# Can someone help me with questions 1, 3, and 4? As soon as possible please, I have several questions regarding the properties of equilibrium constants.

##### 1 Answer

I think it would be more practical to do all four questions. If you wish you can ignore

**DISCLAIMER:** *LONG ANSWER!*

Well, you're at high temperature, so you have fast-moving ideal gases (which are most ideal at high temperature and low pressure).

It'd be most convenient to have a

rigidcontainer (constant-volume), preferablyclosedso nothing leaks out, andinsulatedso that it's self-contained at constant temperature.(In fact, the constant temperature facet is crucial to the claim I make that doing

#(2)# gives you a shortcut way to do#(3)# .)

#a)# Presumably, you know this well enough, as it is just using the definition of#K_c#

#K_c = (["HI"(g)]_(eq)^2)/(["H"_2(g)]_(eq)["I"_2(g)]_(eq))# ,for the reaction

#"H"_2(g) + "I"_2(g) rightleftharpoons 2"HI"(g)# .

#b)# And I presume you then plugged in the numbers. These are indeedequilibriumconcentrations, so they do just go in. All the concentrations used here are in#"M"# .

#=> color(blue)(K_c) = (2.52 xx 10^(-2))^2/((1.14 xx 10^(-2))(0.12 xx 10^(-2)))#

#= color(blue)(46.42)#

In this, notice how you are given

the initial AND equilibrium concentrationsof#"HI"# . Hence, this is one of the more simple scenarios where you already know what#2x# is.In fact, right off the bat, if this question is written well, then you should expect that

#K_c = 1/46.42 ~~ 2.16 xx 10^(-2)# , for this is thewith respect toreverse reaction#(2)# at thesametemperature...

Areversereaction at thesametemperature as the corresponding forward reaction has thereciprocalequilibrium constant.Let's prove it. If we construct the

ICE table, we would get:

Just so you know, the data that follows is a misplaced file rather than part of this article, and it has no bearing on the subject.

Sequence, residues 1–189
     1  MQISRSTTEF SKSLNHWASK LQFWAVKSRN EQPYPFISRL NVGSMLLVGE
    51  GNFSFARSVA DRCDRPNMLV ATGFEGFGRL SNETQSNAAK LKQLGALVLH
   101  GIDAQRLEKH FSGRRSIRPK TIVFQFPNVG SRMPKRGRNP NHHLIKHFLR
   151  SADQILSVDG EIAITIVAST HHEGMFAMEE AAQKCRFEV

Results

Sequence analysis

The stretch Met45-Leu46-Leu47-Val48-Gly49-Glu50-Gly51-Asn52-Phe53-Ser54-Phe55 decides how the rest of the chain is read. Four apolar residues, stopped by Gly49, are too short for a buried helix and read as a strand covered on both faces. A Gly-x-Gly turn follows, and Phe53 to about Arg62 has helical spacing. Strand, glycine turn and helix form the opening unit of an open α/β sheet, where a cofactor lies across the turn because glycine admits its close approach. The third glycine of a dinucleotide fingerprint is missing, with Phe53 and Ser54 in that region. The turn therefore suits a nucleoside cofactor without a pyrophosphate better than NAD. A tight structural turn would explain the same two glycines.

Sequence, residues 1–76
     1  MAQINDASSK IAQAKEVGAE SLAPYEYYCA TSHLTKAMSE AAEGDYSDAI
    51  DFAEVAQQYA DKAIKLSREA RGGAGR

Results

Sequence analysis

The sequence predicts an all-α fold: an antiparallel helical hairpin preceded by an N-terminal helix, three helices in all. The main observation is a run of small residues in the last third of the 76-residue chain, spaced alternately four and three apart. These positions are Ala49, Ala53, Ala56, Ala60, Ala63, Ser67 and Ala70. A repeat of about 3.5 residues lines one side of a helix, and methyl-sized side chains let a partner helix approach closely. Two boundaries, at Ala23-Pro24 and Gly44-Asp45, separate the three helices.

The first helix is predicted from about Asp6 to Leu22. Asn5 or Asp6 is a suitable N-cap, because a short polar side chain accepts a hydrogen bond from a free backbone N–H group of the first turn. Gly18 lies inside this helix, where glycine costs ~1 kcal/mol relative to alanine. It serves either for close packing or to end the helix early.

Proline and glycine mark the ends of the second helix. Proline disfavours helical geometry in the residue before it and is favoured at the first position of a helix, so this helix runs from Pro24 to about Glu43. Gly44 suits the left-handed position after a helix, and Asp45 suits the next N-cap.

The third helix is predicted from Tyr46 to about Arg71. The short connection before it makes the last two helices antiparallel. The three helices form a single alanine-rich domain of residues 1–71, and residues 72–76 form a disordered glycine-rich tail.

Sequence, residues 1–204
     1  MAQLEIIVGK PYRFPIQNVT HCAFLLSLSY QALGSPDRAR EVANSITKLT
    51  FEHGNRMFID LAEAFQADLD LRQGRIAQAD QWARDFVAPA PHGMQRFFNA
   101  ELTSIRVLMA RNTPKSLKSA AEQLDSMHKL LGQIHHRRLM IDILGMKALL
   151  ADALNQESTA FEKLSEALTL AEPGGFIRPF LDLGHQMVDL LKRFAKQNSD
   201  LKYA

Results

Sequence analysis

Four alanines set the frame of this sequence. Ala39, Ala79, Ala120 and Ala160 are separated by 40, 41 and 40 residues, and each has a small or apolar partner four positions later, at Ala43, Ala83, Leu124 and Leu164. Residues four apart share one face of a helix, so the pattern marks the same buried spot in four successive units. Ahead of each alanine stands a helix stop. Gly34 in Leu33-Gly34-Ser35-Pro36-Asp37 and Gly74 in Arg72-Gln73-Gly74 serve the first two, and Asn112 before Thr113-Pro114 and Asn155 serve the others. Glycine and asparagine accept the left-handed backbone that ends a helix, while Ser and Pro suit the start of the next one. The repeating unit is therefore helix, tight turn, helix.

#2"HI"(g) " "" "rightleftharpoons" "" " "H"_2(g) + "I"_2(g)#

#"I"" ""0.0304 M"" "" "" "" ""0 M"" "" ""0 M"#

#"C"" "-2x" "" "" "" "" "+x" "" "+x#

#"E"" "(0.0304 - 2x)"M"" "x" M"" "" "x" M"# But if you recognize that you were already given

#["HI"]_i# and#["HI"]_(eq)# ...

#2x = "0.0304 M" - "0.0235 M" = "0.0069 M"#

#=> x = "0.00345 M"# As a result, we know what

#K_c# will be:

#color(blue)(K_c) = (["H"_2(g)]_(eq)["I"_2(g)]_(eq))/(["HI"(g)]_(eq)^2)#

#= ("0.00345 M" cdot "0.00345 M")/("0.0235 M")^2#

#= 0.02156 = color(blue)(2.16 xx 10^(-2))# This is a nicely physically reasonable answer, since we were hoping

and gotthat#K_c# from#(3)# is the same as one divided by the#K_c# in#(2)# .

This again uses the properties of equilibrium constants.

Since thecoefficientsare all multiplied by a constant, what we should expect is that theexponentsget multiplied by that constant. When you do that, youraise everything to the constant.

#a)# #K_c = (["HI"(g)]_(eq)^2)/(["H"_2(g)]_(eq)["I"_2(g)]_(eq))#

#K_c' = (["HI"(g)]_(eq))/(["H"_2(g)]_(eq)^"1/2"["I"_2(g)]_(eq)^"1/2") = {(["HI"(g)]_(eq)^2)/(["H"_2(g)]_(eq)["I"_2(g)]_(eq))}^"1/2"#

#=> color(blue)(K_c') = K_c^"1/2" = color(blue)(sqrt(K_c))#

#b)# Now just use what you got in#(a)# .

#=> color(blue)(K_c') = sqrt(46.42) ~~ color(blue)(6.81)#